Durso-Finley created a weeklong lesson using census data to look at Hispanic migration patterns in New Jersey.  “We looked at the data in terms of gender makeup, access to jobs, and education issues.”  Using Mercer County as their base, students selected a second New Jersey county and compared the data.  “They learned quantitative and research skills as they considered why different patterns emerged between their two counties.”

Coenen’s lesson focuses on Cuba and Latin America.  “We looked at primary sources related to the history of Cuba and Latin America around 1850, a period when the United States was struggling with slavery.  One approach American politicians considered was to annex Cuba and continue slavery there.  “It was not feasible, but it was taken quite seriously at the time,” Coenen said.

He estimates that in the two U.S. History courses offered at Mercer (HIS 105 and HIS 106), there are numerous lessons that would benefit from the addition of Hispanic and Latin American history.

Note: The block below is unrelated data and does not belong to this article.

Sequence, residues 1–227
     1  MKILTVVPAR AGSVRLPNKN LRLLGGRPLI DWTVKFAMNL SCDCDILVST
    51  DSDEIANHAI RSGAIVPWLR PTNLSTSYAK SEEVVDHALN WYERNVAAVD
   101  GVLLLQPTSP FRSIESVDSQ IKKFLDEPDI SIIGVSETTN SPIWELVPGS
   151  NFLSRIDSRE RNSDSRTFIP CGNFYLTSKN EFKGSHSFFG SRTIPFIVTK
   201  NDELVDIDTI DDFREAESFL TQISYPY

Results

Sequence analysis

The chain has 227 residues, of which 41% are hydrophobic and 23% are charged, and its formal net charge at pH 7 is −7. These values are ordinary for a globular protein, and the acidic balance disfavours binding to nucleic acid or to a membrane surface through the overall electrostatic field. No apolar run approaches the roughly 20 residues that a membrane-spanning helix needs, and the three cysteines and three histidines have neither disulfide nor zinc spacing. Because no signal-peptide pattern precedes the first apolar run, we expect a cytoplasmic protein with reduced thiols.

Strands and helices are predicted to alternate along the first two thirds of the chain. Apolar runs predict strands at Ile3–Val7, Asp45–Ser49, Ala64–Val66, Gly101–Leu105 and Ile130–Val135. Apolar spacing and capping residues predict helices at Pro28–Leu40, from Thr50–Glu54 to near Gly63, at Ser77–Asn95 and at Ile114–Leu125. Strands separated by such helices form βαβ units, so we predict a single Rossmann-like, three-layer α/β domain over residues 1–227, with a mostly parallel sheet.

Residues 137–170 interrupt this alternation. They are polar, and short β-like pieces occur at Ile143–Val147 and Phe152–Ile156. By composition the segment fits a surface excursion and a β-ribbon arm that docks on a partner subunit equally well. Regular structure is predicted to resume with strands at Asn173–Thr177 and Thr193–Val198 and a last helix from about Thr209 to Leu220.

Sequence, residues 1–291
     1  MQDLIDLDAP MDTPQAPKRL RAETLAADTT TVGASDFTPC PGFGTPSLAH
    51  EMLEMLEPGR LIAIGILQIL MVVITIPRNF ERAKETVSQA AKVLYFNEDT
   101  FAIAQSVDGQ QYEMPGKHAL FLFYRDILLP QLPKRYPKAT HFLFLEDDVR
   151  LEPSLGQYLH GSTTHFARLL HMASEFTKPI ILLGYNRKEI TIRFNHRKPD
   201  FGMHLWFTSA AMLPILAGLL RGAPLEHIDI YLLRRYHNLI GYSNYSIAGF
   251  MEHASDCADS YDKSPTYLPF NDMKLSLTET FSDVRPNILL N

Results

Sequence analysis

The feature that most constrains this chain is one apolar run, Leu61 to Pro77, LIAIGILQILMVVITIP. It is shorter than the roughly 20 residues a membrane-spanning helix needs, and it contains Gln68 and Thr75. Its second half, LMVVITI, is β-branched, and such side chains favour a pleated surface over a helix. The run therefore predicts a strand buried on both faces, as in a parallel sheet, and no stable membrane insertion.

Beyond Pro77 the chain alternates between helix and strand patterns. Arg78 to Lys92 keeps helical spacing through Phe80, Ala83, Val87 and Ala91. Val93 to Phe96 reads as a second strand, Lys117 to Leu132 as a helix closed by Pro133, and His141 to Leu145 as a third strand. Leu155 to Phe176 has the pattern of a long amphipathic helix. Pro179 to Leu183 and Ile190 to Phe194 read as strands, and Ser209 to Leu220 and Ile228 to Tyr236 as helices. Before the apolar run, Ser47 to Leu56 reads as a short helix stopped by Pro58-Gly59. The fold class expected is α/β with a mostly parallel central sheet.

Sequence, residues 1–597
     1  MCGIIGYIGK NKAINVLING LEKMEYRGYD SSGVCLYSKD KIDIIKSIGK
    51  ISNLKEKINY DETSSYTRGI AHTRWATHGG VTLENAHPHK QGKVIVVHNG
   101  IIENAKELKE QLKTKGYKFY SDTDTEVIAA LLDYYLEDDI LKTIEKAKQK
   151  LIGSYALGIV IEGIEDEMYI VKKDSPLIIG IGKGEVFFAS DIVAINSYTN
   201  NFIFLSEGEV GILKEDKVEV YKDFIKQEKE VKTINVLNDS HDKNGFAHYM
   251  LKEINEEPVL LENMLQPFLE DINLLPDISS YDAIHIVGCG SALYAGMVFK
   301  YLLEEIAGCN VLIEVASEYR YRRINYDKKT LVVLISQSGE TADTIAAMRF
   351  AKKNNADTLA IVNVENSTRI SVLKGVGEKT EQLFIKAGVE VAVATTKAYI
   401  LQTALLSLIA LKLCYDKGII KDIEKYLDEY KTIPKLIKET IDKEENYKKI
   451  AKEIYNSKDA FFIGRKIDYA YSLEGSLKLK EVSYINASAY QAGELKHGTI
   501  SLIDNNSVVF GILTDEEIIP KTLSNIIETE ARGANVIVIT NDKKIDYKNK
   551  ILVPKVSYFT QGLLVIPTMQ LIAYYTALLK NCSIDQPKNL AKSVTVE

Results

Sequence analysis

D’Arpa, MCCC Coordinator of World Languages, had a specific curriculum goal in mind from early on.  “My objective was to modify and update the curriculum for MCCC’s Hispanic Culture course (SPA 110), which has not been offered in recent years. The past course was a survey of all aspects of culture for several Spanish language countries.  I plan to narrowly focus the course on Latinos in America that will blend some aspects of sociology along with films that capture the Latino experience,” he said.

D’Arpa believes that students will find this type of enrichment relevant.  “We will facilitate opportunities for Mercer students to appreciate Hispanics’ contributions to our country's history and current culture.  I have gotten personal satisfaction from this project because I am Hispanic and it gave me a chance to connect with peers on topics that are part of my personal history and identity,” he said.

Durso-Finley added, “The message we heard is that it’s key to incorporate Latino/Latina history and culture into our curriculum because it is such a huge part of the American experience.”